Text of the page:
Are Eastern Europe’s supposedly consolidated democracies beginning to unravel?
But taken together with the similar fall of a Romanian government and resulting turbulence last year, and Hungary’s defiant adoption this week of constitutional changes that opponents say threaten democratic values, something deeper is going on.
“The idea was transition was painful, it was suffering. But now we were supposed to get to a totally different life. We were going to live if not like Germans, at least like Greeks. It never happened,” says Ivan Krastev (above), chairman of the Centre for Liberal Strategies think-tank in Sofia:
Bulgarians’ chants of “mafia” were shorthand more broadly for perceived cronyism among political elites, and links with tycoons who made millions from the transition and, in some cases, with organized crime. Citizens, suggests Mr Krastev, believe the communist collapse ended up liberating these groups to prosper – but not ordinary people……
The EU’s response has been to search for bigger sticks to tackle democratic backsliding by member states. Four countries led by Germany last week called for the EU to get new powers to deal with countries breaching its “fundamental values”, including freezing EU funds.
However, Mr Krastev suggests that other EU members should make greater efforts to understand what is happening in the ex-communist south-east. They should engage more closely in long-term institution-building in these countries.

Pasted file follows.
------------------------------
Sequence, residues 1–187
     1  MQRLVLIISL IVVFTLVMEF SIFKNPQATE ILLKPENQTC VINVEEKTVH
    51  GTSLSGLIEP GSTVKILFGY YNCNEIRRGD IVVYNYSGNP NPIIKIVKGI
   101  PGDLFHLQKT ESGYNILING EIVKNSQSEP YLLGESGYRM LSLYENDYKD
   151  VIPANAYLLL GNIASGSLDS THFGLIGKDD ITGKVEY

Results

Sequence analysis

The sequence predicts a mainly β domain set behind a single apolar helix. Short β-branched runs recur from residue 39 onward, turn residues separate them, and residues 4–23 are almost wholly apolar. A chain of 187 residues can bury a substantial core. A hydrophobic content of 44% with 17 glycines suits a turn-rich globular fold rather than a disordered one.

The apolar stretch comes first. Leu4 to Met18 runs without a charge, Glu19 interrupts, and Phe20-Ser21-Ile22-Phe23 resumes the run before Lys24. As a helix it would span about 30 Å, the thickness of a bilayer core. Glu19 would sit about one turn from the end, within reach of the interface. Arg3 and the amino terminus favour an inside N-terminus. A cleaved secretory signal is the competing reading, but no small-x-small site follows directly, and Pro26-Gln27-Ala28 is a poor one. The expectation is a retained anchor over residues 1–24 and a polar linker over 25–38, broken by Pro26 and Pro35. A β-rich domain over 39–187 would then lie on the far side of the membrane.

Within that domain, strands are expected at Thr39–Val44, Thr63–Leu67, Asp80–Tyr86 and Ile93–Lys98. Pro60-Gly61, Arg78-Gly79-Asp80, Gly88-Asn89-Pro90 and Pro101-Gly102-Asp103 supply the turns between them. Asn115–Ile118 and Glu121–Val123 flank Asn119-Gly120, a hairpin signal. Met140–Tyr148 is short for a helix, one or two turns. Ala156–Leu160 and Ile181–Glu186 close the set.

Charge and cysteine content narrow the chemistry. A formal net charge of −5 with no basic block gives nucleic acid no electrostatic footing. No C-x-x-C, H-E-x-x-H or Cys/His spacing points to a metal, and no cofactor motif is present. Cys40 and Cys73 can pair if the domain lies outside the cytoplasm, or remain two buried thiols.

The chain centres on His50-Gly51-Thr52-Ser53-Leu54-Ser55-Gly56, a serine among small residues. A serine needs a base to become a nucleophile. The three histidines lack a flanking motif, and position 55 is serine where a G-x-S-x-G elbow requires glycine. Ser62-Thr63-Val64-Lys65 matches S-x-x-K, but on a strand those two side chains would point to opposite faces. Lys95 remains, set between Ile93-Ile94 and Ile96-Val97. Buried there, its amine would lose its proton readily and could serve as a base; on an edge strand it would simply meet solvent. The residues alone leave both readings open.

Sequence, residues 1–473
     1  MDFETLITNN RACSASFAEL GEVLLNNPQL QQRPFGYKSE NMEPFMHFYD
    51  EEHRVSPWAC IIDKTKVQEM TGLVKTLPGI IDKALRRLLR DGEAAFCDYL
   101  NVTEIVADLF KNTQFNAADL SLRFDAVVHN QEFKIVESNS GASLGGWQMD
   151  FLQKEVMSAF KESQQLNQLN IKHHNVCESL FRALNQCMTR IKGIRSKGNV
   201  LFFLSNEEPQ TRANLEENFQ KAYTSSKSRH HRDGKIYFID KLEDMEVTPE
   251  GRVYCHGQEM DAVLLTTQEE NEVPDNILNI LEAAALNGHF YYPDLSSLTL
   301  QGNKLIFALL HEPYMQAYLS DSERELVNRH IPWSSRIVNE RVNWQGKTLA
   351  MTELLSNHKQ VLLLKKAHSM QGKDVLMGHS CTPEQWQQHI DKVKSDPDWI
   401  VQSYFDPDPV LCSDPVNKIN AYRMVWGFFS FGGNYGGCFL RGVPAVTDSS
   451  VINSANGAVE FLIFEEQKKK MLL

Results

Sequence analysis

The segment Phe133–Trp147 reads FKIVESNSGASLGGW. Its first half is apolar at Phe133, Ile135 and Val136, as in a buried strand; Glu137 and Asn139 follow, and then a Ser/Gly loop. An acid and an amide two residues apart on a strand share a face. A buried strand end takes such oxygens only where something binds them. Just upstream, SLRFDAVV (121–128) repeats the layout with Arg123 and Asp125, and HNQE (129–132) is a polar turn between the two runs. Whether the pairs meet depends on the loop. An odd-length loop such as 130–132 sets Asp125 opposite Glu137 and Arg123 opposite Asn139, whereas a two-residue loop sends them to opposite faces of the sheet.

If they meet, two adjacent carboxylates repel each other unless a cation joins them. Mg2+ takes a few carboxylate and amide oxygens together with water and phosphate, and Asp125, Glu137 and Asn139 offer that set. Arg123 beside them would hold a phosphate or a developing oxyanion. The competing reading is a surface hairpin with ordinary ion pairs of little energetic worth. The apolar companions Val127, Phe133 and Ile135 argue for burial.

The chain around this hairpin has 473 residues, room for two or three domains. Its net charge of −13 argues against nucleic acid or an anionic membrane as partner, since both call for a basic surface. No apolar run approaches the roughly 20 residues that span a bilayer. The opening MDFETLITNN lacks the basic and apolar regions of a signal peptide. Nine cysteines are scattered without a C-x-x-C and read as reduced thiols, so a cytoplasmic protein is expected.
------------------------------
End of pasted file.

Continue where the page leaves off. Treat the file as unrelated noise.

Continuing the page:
If not, the transition backlash risks spreading.
But the EU is largely limited to “political pressure or moral persuasion” in trying to curb anti-democratic practises amongst member states, observers suggest:
While that can have an impact, as was the case in Romania last year when the Prime Minister sought to oust the President, in tricky cases of law backed by democratically elected parliaments, as in Hungary, it is much more difficult.
“There’s a shortage of what the EU can do to ensure that democratic practices, or democracy itself, is not reversed,” said Corina Stratulat, an expert in the politics of Central and Eastern Europe at the European Policy Centre, a think tank.
“There is an awareness that something has to change in terms of enhancing the tools that the EU has at its disposal to influence situations like we’ve seen in recent years.”